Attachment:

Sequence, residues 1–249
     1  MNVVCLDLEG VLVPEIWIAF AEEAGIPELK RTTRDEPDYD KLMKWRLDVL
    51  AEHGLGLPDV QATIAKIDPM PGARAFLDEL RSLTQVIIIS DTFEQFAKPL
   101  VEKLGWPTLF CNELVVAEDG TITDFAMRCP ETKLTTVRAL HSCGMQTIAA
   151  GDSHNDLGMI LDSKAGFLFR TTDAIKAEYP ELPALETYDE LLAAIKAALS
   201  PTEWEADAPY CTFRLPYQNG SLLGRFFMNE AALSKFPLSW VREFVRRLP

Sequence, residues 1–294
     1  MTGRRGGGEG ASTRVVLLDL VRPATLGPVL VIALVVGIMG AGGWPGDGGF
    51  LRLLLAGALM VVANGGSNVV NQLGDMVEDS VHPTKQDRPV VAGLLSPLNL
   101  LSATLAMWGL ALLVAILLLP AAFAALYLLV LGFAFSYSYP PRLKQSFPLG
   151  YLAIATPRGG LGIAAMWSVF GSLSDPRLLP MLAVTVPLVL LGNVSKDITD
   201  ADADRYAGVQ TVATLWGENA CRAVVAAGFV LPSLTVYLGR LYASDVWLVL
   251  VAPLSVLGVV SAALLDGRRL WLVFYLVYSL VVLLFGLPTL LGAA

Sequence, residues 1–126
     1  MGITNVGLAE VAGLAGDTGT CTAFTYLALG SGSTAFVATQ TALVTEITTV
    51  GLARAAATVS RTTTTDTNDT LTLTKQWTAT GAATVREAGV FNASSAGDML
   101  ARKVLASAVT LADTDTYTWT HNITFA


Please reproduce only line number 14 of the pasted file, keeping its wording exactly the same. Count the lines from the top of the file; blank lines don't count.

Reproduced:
Sequence, residues 1–126